Every day, the COVID-19 pandemic shows — in stark, heartbreaking detail — how health care workforce and equipment shortages create impossible life or death choices in health care settings across the country. The crisis demands a seismic shift in health care workforce development in the United States, coupled with a bold re-envisioning of workforce development policy, to improve job quality and equity.
While health care employment is the largest source of jobs in the U.S., the quality of these jobs depends on the occupation. For example, nursing assistants make about $29,000 a year — or about $14.25 per hour — and often lack access to benefits, including health care and paid leave. These jobs are physically and emotionally demanding, with often unpredictable work schedules.
Black and Latinx workers are overrepresented in lower-wage, entry-level occupations and underrepresented in higher-wage occupations. Black health care workers bear a disproportionate share of COVID-19’s devastating impact. One-third of nearly 5 million direct care workers are Black and over a million are immigrants, largely from the Caribbean, Central America and Southeast Asia. Brookings found that Black and Latinx women are more likely than white men (45 and 54 percent, respectively) to be low wage workers and that low-wage workers of color are more likely to be trapped in these jobs.
Investment to increase diversity in the health care workforce must address long term occupational segregation, and the highly racialized and gendered nature of care work. Yet some calls for shorter training for frontline health care workers correlate increased access to shorter training programs and diversification of the health care workforce in higher-wage occupations, failing to account for the structural conditions many people of color encounter.
Research shows that while some credentials do provide increased earnings overall, the majority do not provide significant wage increases, especially compared to programs that lead to a degree. And while many admit that skill training is not a panacea, false promises of worker retraining and job placement remain rampant in the education and training industry. Instead, we should invest in retraining tied to better job quality and equity-driven advancement.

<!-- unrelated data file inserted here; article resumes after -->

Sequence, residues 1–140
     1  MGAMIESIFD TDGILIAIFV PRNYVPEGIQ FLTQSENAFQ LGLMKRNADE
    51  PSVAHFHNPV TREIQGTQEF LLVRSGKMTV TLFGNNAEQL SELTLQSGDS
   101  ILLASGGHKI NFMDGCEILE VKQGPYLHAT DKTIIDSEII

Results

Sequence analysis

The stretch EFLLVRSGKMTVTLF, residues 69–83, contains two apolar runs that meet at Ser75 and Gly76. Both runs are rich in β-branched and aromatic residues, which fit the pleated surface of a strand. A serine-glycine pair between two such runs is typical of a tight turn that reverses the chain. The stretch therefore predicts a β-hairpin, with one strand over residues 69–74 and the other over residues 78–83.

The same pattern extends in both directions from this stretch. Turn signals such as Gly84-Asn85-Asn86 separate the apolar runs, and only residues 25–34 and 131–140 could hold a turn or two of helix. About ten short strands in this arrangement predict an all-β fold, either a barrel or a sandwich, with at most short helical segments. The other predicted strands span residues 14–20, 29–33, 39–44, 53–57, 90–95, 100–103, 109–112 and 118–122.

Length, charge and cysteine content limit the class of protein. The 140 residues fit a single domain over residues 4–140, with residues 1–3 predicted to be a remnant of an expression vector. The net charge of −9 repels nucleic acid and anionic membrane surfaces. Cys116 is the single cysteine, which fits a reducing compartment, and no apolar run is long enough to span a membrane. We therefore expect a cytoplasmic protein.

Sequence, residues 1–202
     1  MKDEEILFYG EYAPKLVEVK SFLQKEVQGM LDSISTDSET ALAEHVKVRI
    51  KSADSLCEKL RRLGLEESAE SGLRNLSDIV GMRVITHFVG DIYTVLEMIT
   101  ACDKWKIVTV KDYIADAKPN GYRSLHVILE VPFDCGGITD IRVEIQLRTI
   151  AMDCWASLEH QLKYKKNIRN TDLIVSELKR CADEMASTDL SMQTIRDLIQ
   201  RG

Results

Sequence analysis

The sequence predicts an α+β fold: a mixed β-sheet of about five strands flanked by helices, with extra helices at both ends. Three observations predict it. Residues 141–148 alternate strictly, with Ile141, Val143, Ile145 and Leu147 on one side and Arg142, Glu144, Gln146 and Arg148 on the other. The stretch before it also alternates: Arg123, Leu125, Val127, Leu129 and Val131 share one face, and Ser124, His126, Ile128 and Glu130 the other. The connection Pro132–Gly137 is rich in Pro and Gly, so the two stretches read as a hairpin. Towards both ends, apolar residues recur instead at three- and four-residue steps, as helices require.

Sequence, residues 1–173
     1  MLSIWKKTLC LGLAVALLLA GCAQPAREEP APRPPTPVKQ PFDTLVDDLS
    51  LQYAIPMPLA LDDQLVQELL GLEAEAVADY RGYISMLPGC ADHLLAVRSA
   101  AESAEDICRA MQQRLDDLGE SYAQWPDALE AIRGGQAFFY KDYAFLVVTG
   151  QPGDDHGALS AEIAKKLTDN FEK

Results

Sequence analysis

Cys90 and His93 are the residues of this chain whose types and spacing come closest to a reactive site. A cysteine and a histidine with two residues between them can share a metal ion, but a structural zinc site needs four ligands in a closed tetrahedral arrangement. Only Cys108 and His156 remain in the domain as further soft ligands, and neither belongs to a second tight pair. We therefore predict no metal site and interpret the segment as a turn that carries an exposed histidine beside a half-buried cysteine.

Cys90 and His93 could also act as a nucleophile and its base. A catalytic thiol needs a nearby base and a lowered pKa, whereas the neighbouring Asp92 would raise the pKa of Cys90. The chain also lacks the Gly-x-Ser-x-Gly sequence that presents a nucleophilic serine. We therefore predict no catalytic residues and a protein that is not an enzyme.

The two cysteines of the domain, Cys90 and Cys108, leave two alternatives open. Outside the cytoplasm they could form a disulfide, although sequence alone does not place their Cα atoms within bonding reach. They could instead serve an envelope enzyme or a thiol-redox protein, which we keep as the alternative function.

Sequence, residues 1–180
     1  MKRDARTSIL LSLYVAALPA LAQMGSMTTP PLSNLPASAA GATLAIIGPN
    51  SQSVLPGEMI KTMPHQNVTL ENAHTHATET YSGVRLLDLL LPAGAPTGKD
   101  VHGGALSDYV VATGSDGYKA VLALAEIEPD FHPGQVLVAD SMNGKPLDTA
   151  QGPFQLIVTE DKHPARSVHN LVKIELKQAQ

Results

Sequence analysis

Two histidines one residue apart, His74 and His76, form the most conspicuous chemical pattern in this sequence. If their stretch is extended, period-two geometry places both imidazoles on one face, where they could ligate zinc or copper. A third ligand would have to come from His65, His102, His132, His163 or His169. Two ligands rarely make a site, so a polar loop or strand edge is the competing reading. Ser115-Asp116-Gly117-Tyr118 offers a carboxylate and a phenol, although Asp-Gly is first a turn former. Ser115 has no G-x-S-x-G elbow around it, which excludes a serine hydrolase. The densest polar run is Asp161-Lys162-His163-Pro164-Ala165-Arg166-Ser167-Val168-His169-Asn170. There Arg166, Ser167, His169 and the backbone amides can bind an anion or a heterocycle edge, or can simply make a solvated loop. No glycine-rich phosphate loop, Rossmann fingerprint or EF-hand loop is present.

Labor-management partnerships bring together worker organizations and multiple employers in a proven workforce development model that increases individual skill development and improves the quality of employment within an industry. These partnerships create economies of scale by ensuring employers don’t have to worry about competitors poaching well-trained workers. For workers, quality training is free. In addition to skill development, workers expand career networks and build up work experience, supported with access to childcare, health care, paid leave, a safe workplace, and a voice on the job to raise concerns.
Now more than ever, this public health and economic crisis demand aggressive action. We must re-envision workforce development to ensure a good job to any individual seeking employment and training. We must acknowledge the unequal burden women, people of color, and immigrants face in the labor market. Policy decisions must address occupational exclusions and persistent disparities limiting job quality and employment trajectories. We must:
Affirm partnership strategies that explicitly improve job quality, including labor-management training and rewarding coordination with partner entities to develop innovative strategies such as portable benefit and wage board structures, targeted hiring and fair-chance policies;
Rebalance power structures by requiring equal decision-making authority between workers, businesses and communities;
Increase employment and training responsibilities so employers bear as much of an industry’s risk in hiring as the burden a worker takes on when participating in training and seeking subsequent employment; and
Incentivize the use of data analytics to capture quality employment conditions and establish a dashboard of multiple indicators to measure job quality.
Collectively adopting these actionable goals to improve job quality will ensure the employment and training delivery system matches all workers to good jobs, increases equity, and helps build a cohesive understanding of how workforce development policy can fortify worker power.
All workers deserve to go back to jobs that were better than before the outbreak. But without accounting for the legacy of structural bias that the recession has laid bare, scaling workforce dollars up wholesale to shorter-training programs will have profound unintended consequences on women, people of color and immigrants.
The pandemic has rendered clear the critical need for a well-trained health care workforce. Our lives depend on these essential workers. Millions of lives, our economy, and our future are in their hands. In a moment where transformational policies are increasingly sought, and critically needed, we have an unprecedented opportunity to pursue a bolder policy vision to build a more moral and equitable society.
Daniel Bustillo is the executive director of the health care Career Advancement Program (H-CAP), a national organization of SEIU unions and health care employers partnering to develop quality health care career education models for high road jobs that increase equity in the health care workforce.
Livia Lam is a senior fellow and Director of Workforce Development Policy at the Center for American Progress, an independent nonpartisan policy institute in Washington, D.C.